Obama. "Average Americans don't buy into any of this," she asserted.
"... they, unlike their president, don't suppose that the way to be
liked is to defer to bullies and madmen ... when there is a pervasive
sense that America would rather defer and retreat than lead, the
public's ire rises. ... And they will hold him accountable not only for
the increasingly dangerous world but also for his odd indifference to
America's -- and consequently their -- fate." Rubin is the author of
the October 29, 2008, article, "Ten Reasons Why McCain Could Still Win."
After the serving of Presidential carrots came an unanticipated stick: after getting Russia on board with tougher sanctions against Iran should that country fail to observe international sanctions on nuclear weapons, Obama announced that Iran had been engaged in an unsanctioned nuclear enrichment plan, and demanded inspections.
As this would seem to the unpropagandized a clever way for Obama to use
his U.N. goodwill to get them to lean on Iran, rightblogger chatter
thereafter grew more diffuse in both its impact and its reasoning.
"Everyone knows Obama would never take the action needed to show Iran that we mean business," said Flopping Aces.
"He will hem and haw, talk and talk, and at the end of the day Iran
will have a nuke." Disappointingly, Flopping Aces failed to propose an
At National Review Jamie M. Fly
said the revelation "raises questions about his administration's policy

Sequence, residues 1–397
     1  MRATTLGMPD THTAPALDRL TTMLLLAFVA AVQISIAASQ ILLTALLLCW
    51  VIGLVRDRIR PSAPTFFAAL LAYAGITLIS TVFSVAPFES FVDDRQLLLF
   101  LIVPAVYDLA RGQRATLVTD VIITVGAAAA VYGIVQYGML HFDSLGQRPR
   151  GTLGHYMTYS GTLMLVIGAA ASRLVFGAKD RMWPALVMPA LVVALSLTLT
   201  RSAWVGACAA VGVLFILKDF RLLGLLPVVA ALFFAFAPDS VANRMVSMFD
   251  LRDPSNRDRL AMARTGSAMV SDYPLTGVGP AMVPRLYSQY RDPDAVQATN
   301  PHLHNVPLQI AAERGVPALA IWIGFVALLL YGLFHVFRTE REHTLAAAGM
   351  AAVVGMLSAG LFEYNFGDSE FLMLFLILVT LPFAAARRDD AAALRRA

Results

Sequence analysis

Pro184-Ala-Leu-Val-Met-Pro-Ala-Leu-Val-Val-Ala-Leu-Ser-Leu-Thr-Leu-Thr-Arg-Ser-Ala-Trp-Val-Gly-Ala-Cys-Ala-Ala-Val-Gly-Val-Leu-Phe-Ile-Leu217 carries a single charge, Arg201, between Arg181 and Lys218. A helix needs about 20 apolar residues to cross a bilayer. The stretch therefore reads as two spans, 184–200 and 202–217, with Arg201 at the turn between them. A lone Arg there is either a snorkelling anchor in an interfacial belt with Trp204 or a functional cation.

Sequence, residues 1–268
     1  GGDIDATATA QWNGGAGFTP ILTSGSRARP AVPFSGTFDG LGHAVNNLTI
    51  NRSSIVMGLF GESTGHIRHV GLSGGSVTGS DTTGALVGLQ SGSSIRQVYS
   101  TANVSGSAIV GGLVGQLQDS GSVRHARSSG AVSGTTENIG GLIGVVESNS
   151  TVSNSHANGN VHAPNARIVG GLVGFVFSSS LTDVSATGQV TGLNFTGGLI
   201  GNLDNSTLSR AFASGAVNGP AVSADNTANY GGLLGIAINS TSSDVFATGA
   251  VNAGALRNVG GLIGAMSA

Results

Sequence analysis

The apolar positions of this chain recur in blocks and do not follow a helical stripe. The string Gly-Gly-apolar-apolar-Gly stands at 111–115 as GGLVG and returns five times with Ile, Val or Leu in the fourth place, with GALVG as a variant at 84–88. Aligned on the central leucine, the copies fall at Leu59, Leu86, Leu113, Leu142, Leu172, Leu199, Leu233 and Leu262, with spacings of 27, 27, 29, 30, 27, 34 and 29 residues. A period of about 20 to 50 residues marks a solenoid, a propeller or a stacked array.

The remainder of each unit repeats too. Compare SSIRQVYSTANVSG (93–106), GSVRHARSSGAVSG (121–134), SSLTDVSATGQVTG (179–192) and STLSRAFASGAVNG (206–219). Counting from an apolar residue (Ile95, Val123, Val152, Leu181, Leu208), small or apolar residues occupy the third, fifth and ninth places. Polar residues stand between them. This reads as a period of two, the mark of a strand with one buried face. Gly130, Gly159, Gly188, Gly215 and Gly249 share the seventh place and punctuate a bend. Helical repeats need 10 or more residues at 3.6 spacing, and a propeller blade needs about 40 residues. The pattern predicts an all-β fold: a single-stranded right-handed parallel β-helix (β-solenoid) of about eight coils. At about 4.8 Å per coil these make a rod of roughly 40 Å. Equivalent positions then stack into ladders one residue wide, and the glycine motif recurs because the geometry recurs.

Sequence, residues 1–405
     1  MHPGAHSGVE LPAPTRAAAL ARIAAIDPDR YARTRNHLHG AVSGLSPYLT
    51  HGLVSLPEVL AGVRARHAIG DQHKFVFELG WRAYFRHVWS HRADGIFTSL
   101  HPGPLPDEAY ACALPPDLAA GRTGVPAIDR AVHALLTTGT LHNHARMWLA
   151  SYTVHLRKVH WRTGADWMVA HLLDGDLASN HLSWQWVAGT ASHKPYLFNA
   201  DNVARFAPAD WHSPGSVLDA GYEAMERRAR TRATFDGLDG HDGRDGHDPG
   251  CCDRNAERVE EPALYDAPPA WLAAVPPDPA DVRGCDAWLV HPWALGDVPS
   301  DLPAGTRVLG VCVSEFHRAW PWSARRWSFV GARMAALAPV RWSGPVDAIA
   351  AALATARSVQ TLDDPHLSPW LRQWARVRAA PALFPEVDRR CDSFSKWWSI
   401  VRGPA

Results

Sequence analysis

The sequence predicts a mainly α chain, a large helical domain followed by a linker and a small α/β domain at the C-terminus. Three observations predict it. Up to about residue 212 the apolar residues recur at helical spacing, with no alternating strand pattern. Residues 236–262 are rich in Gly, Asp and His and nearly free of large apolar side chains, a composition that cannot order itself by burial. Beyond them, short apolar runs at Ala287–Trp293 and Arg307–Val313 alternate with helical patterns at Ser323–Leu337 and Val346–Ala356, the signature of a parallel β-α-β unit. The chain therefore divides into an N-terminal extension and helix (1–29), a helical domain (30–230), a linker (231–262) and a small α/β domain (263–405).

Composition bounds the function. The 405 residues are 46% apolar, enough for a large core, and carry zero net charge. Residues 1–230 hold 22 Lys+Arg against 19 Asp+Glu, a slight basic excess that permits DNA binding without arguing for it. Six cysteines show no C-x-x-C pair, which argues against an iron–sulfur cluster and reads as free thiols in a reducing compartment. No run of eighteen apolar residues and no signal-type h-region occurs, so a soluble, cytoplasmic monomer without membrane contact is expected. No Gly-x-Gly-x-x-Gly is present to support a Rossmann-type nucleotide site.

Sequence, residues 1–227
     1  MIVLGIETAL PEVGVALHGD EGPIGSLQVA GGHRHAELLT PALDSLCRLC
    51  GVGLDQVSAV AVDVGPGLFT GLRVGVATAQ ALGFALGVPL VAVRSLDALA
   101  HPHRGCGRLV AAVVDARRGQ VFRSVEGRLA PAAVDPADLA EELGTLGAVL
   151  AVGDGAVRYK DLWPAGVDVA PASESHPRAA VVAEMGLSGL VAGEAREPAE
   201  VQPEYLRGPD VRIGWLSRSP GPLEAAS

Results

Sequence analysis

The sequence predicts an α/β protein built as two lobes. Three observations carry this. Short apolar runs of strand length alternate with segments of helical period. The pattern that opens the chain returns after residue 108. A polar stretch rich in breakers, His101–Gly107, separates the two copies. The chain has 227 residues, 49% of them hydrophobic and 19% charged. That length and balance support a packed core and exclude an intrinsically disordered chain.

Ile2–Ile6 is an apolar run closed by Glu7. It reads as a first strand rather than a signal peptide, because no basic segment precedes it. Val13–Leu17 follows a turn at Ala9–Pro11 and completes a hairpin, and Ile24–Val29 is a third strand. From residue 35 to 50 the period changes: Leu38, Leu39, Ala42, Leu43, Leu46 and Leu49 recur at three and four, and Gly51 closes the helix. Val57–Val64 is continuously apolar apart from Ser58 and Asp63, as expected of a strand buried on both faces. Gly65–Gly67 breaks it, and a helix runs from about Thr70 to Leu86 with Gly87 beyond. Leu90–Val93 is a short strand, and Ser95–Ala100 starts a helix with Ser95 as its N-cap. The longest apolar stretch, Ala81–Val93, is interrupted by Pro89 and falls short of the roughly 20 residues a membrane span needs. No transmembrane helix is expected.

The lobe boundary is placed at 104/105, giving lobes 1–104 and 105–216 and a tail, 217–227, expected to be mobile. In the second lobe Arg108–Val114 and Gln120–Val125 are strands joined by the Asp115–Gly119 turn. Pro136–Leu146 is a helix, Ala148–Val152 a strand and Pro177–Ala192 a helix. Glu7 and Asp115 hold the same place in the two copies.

of engagement with Iran." Fly wondered why Obama didn't "use the United
Nations Security Council meeting he chaired yesterday to pressure
Russia and China to support the 'crippling sanctions' his
administration has previously threatened if Iran did not halt its
nuclear activities" -- though it seems Obama's backroom dealings have
already borne fruit in that regard. It's a moot point for Fly anyway,
as "Iran will stonewall the investigation" -- much as Iraq did with its
still-undiscovered WMDs, we imagine.
Other operatives worked the margins. Asked at a G-20 press conference
in Pittsburgh if his Iran announcement was a "victory," Obama said,
"This isn't a football game, so I'm not interested in victory, I'm
interested in resolving the problem."
"Obama speaks like a lawyer who isn't a football fan," complained Patterico's Pontifications. "Like football, international relations has a scoreboard and I don't want this one to read 'Iran, 1 -- Israel, 0.'"
"He is going to get us killed," cried Weasel Zippers. "I get what he's saying," allowed Say Anything. "But even so, what a stupid choice of words." "Really a bad sound bite," said Freedom Eden. "I am scared," said Spurious Missives.
When this failed to spread the expected panic, Reliapundit
turned to a novel approach: "Why does Obama say Tolly-bahn and
Pocky-Stahn, and not Talleban and Packi -stan?" he asked. "For a real
American brought up in America speaking American English the way Obama
says these words would be an affectation." Reliapundit suggested that
Obama "learned these words a long time ago from people who spoke
them in their native language and not English and these pronunciations
are ingrained in him." We have followed Reliapundit a while, and if it's a parody site, he's taking his time with the reveal.
Having done their due diligence in the foreign policy realm, rightbloggers returned to more agreeable subjects: for example, some kids singing about Obama in school
during the last Black History Month. There they were on surer, if not
saner, ground, and achieved the dissemination of the story to mainstream media outlets
("'It's just like the Hitler Youth all over again,' said [Chris]
Concannon, an unemployed 26-year-old former National Guardsman") and death threats against the school's principal. It must be nice for them to get back to their comfort zone.